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  1. #61
    Registered User George Nelson's Avatar
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    Default Re: Getting To Know You (By: dickstorer)

    I'm in total agreement with dickstorer, Missy! You sound so young and vibrant in your postings! My heartiest congratulations, and thanks for your wonderful posting.

    My best to all,

    George
    Time is a great story teller... Irish Proverb

  2. #62
    Registered User musicguy's Avatar
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    New York State
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    Default Re: Getting To Know You (By: George Nelson)

    I've attended a bunch of local NAWCC meetings(3 different chapters) and at 53 yrs old
    I'm close to the youngest person in the room(except for my 21yr old son who also attends).
    I'm still in the accumulation faze of collecting, while many at the Marts are in the distribution faze. What I can say
    is that it's a really great group of people. Very friendly, knowledgeable, and inviting.
    It's nice to be around like minded people who appreciate our similar interests.



    Rob

  3. #63

    Default Re: Getting To Know You (By: musicguy)

    Have us Old Farts scared off young'uns from getting in on the act?
    Hope not. This is a very cool thread.
    1. Check out the Repair Hints & How-To's forum. You may find your answer there.

  4. #64
    Registered User TJCornish's Avatar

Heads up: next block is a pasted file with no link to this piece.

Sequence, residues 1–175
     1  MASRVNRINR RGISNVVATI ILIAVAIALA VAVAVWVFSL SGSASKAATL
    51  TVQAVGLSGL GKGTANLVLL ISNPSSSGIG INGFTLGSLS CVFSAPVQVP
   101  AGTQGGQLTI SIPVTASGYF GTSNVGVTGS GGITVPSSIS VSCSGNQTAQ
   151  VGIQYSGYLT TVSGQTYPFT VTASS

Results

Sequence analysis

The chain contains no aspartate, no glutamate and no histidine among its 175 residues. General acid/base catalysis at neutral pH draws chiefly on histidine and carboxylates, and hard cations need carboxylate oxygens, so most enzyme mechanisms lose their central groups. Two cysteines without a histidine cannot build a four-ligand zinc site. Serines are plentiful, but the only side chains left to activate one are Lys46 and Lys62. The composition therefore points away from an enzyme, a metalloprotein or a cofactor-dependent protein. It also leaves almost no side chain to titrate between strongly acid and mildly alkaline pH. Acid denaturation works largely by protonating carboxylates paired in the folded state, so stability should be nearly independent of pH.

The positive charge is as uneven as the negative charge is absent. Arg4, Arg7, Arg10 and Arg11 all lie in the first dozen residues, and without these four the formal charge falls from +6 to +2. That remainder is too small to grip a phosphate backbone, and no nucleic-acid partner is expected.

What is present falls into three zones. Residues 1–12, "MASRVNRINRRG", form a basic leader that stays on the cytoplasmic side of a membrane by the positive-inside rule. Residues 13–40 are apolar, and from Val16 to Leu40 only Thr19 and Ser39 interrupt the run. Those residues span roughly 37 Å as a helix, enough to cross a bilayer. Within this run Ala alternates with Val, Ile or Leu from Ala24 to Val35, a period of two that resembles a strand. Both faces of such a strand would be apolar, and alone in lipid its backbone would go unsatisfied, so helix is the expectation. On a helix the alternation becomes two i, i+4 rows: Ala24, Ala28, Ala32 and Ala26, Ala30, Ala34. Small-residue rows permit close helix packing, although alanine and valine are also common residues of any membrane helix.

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    Default Re: Getting To Know You (By: bangster)

    Quote Originally Posted by bangster View Post
    Have us Old Farts scared off young'uns from getting in on the act?
    Hope not. This is a very cool thread.
    Well, I'm TJ Cornish (I know - you would never have guessed), and I'm several decades younger (late '30's) than the average age of the posters so far on this thread. The clock bug is hereditary in my family, traceable up several generations from me and down to at least one of my children.

    I work in IT, and do professional lighting and sound reinforcement on the side, as well as being a musician. Lately most of my free time has been spent sanding, staining, and varnishing many board feet of oak for a coffered ceiling project in our living room; done at least in part (please don't tell my wife) to make a more suitable home for some clocks, currently a nice Gustav Becker Vienna Regulator. The picture below shows the current state of the project. Note that the clock is already back on the wall even though the ceiling is only about half assembled.

    I have a small collection of clocks and watches, many of which work. I've taken a couple apart and cleaned/attempted to fix, and I have ambitions to do more of this, but the long list of other things going on in my life have thus far gotten in the way.

    My greatest success thus far comes out of one of my greatest boneheaded moves. I purchased the GB Vienna pictured while on vacation, and couldn't resist hanging it up where we were staying. A sturdy-enough looking screw in the wall turned out to not be, which created a number of learning opportunities while I rebuilt the case and re-machined new mounting posts for the movement. Apart from a couple more dings and scratches, the clock is alive and well, and hopefully the wisdom and experience gained will give me more successes and fewer failures in the future.
    Attached Thumbnails Attached Thumbnails Click image for larger version. 

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  5. #65

    Default Re: Getting To Know You (By: TJCornish)

    Cool little library table.